In the tradition in which I grew us, we talked about having Jesus “in our heart.” All kinds of jokes were told about children wondering how Jesus could fit in there. We know, of course, that we didn’t literally mean in our physical heart, but the purposes of God Jesus embodied still sometimes seem too big for us. An acquaintance of mine used to tell a story about growing up with a younger brother. Whenever he went out to play, his parents would say, “Take your little brother with you.” As he grew older and became a Christian, his parents began to say, when he went out, “Take Jesus with you.” He said he always had a little bit of resentment when he had to take his brother along and now he felt some of that same resentment toward Jesus.

In today’s reflections, we see Jesus not as something to be dragged along with us. Jesus is something we are to embody and live. We are to have the same mind in us that he had in him. That’s much bigger than simply taking him along with us—and much more scary, but also full of promise and hope.
Wednesday, December 23, 2009
BEYOND THE MANGER—THOUGHTS ON THE LECTIONARY PASSAGES FOR DECEMBER 27, 2009, THE FIRST SUNDAY AFTER CHRISTMAS—BY JIM OGDEN

Lectionary Scriptures: I Samuel 2:18-20, 26, Psalm 148, Colossians 3:12-17, Luke 2:41-52

You almost got the wrong scriptures this week. Yesterday, after writing this week’s blog entry, I noticed that I had the scriptures for a year from now. Fortunately I hadn’t posted it yet.

Interestingly, the Psalm is the same. Psalm 148 calls the entire cosmos to praise God—sun and moon, sea monsters, snow and frost, mountains, fruit trees, creeping things and flying birds, kings and princes, all people, male and female, young and old. I suppose we could spend some time asking what it means for each of these, and all the others named in the Psalm, to praise God. With our concern for justice and peace, it might we worth asking what it might mean if kings and princes truly lived and governed in an attitude of praise. Is not passionately pursuing peace and justice a way of praising?

The Gospel reading skips us right over the birth stories. Jesus is twelve years old amazing the teachers in the temple with his understanding (2:46-47). We also see a very human side of Jesus. He has wandered off from his parents to do his own thing (2:43), throwing them into a panic as they have to go back to Jerusalem and find him (2:44-45). When Jesus’ parents find him, he asks if they don’t know that he must be about his Father’s business (2:48-49).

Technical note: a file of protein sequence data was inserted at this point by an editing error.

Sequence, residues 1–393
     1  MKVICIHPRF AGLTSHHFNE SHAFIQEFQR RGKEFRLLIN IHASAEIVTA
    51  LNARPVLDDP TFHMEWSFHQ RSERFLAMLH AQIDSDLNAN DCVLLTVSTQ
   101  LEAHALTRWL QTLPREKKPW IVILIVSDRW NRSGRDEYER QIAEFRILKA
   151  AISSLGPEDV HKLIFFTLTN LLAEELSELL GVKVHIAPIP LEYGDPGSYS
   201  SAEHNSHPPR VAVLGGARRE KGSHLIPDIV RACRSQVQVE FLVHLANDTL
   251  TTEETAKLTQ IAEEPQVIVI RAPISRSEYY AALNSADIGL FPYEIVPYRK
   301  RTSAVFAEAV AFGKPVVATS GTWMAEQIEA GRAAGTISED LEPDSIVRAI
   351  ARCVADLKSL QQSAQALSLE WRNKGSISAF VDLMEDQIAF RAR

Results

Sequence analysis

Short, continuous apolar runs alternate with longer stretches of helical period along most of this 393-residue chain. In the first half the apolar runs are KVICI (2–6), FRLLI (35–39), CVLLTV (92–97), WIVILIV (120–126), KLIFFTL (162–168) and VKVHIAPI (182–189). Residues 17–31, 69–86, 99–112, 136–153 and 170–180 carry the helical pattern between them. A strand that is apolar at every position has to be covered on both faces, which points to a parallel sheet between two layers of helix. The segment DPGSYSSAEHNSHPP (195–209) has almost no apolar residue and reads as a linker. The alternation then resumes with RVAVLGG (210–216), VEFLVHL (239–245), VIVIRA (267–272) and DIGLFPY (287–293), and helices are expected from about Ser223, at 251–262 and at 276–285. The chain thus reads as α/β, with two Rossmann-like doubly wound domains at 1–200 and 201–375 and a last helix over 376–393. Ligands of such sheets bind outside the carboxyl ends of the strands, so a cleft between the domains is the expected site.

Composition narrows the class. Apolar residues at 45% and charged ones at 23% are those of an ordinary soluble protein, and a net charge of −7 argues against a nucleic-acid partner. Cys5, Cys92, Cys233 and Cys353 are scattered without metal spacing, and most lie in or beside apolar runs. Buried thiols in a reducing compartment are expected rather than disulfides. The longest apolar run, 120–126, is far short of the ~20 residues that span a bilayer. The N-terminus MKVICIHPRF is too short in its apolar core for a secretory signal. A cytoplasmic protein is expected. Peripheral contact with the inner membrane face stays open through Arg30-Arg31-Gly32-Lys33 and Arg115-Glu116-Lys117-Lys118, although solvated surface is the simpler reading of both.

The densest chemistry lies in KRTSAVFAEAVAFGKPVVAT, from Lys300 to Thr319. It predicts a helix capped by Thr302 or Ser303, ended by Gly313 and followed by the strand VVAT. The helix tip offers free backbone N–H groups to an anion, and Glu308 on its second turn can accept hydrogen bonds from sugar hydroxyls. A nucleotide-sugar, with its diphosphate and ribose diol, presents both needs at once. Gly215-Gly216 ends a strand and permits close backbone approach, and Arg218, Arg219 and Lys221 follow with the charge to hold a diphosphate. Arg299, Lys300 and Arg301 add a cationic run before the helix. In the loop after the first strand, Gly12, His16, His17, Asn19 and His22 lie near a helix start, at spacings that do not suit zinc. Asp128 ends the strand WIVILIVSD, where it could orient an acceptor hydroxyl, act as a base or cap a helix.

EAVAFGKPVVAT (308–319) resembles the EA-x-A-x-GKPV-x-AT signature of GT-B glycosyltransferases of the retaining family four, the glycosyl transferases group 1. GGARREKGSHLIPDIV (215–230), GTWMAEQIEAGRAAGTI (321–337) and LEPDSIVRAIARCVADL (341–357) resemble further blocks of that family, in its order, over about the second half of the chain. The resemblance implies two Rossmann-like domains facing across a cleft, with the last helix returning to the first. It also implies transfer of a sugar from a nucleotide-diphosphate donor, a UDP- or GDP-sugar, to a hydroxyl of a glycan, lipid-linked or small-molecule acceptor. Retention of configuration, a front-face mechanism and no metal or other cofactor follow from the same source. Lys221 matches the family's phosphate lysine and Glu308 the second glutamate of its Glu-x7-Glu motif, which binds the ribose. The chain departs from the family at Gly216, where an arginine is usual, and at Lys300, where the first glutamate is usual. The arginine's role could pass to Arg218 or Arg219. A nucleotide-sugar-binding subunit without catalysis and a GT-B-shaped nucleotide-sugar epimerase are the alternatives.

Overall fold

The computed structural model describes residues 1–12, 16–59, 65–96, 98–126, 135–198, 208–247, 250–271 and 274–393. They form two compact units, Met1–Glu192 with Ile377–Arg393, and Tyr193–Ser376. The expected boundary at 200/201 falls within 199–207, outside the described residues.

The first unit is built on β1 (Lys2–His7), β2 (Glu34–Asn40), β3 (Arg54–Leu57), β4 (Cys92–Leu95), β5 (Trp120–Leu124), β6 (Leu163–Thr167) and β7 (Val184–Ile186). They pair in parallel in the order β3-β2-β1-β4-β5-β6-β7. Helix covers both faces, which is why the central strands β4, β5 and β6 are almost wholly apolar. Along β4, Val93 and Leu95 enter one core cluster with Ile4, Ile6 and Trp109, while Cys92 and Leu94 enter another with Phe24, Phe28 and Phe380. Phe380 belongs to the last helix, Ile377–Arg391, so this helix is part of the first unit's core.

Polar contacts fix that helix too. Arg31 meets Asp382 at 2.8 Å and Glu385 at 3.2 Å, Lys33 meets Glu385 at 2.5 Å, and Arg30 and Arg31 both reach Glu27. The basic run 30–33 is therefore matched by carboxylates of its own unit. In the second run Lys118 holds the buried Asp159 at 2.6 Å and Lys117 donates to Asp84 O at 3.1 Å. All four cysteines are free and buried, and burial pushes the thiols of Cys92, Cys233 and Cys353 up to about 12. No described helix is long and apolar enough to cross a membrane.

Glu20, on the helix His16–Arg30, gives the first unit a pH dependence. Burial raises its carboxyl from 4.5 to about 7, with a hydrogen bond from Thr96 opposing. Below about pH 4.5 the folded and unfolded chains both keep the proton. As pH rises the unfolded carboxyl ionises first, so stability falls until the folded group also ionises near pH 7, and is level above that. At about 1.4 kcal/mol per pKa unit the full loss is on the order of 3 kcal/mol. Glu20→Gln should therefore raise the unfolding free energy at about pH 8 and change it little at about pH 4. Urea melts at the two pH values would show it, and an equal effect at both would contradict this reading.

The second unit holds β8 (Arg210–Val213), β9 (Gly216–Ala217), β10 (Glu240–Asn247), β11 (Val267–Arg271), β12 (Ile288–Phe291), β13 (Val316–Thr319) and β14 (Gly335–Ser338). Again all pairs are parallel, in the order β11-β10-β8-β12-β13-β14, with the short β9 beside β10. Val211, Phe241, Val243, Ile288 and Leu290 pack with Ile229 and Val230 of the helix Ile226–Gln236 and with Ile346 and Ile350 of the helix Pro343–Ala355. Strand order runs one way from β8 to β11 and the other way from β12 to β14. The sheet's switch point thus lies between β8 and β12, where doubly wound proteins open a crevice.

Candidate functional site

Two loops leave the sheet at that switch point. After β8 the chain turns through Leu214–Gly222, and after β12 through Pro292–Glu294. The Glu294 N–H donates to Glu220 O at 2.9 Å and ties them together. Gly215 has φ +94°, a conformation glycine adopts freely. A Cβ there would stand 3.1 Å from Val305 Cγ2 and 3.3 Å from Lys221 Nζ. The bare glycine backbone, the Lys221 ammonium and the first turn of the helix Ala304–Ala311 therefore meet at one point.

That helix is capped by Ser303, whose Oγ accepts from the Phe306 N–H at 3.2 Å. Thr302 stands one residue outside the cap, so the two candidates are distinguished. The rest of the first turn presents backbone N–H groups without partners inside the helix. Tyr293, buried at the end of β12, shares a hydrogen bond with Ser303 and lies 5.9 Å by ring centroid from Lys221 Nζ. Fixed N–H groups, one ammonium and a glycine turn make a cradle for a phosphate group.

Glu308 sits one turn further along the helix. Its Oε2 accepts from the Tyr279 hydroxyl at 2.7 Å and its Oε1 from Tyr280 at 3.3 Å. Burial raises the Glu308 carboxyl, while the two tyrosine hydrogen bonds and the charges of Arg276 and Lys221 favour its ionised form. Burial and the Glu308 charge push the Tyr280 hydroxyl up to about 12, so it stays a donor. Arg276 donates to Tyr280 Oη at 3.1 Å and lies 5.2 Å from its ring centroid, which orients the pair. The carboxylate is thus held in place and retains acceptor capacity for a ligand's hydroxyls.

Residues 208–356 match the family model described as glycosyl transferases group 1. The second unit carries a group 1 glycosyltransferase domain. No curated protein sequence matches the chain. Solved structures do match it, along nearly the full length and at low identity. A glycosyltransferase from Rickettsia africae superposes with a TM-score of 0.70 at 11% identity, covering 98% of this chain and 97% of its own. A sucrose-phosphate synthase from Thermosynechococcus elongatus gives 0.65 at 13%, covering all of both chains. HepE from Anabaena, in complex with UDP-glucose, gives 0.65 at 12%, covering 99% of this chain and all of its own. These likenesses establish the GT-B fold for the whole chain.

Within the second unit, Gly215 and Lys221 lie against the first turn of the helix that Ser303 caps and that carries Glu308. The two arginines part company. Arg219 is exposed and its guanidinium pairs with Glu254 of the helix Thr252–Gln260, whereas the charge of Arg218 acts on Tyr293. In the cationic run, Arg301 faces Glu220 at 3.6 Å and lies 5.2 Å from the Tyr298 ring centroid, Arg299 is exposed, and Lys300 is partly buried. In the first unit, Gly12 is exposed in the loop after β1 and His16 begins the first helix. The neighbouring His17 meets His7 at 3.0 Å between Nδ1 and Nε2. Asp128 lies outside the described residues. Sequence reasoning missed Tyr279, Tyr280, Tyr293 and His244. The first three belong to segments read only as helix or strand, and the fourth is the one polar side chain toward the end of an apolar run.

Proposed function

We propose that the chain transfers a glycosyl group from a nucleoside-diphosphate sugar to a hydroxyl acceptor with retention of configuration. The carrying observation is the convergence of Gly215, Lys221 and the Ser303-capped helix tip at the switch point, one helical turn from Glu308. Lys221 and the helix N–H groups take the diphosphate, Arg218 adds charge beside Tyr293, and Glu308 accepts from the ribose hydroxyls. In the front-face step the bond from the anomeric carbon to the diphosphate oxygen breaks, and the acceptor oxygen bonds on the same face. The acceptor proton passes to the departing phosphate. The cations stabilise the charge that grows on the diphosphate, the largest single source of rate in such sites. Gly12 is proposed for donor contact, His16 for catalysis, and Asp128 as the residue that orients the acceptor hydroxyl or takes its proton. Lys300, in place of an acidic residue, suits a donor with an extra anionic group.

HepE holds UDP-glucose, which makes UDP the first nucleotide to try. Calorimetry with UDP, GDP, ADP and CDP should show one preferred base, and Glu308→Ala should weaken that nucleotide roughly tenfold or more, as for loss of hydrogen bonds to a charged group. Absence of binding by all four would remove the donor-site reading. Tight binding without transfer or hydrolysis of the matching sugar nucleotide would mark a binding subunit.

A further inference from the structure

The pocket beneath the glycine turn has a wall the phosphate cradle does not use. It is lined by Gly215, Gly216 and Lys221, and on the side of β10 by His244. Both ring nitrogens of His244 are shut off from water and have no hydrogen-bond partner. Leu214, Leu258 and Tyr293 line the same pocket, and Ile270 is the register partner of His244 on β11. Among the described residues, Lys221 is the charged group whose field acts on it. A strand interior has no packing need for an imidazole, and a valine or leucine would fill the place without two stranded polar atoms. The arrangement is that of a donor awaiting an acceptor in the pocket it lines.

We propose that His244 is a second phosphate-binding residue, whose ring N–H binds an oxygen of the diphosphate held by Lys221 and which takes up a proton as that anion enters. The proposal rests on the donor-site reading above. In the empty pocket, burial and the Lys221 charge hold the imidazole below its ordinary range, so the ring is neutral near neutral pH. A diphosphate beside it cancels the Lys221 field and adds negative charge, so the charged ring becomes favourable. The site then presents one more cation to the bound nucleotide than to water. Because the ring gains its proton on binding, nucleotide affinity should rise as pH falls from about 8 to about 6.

This could set us off on a discussion about who indeed is our father—the place of both human parents and a divine parent in the scheme of our lives. Even his parents didn’t understand what he was saying (2:50).

The fact that Jesus had parents, needed parents—parents who went through the usual panics and worries of parenthood—is perhaps what is most significant for us in this story. At the end of the story, he went home with his parents and “was obedient to them.” (Luke 2:51) The story tells us that, like any other child he grew. In the New Revised Standard Version of the Bible, used as our pew Bibles, it says that he “increased in wisdom and in years, and in divine and human favor.” Here are a couple of other translations that are nearer what I learned in earlier years: “And Jesus increased in wisdom and stature, and in favour with God and man.” (King James Version)—“And Jesus grew in wisdom and stature, and in favor with God and men.” (New International Version).
They echo the words used to describe young Samuel in our reading from I Samuel, chapter 2. Verse 26 says, “Now the boy Samuel continued to grow both in stature and in favor with the Lord and with the people.” We won’t get into the story of Samuel and the particular occasion described. The point is that spirituality in our tradition is not a static thing. Even Jesus grew in wisdom. He didn’t have it all figured out from day one. Furthermore, growth, if one is faithful to ways of the God of love and justice, involves not only a mystical inward spiritual connection; growth is also measured in our relationships with one another as human beings. What does it mean to grow “in favor with God and man”—“in divine and human favor”? It’s a question worth pondering as we move away from the manger. Life and the possibilities of life don’t end in a manger. Christmas is but a symbol of beginning. Where are we going from here? How will we grow “in divine and human favor”?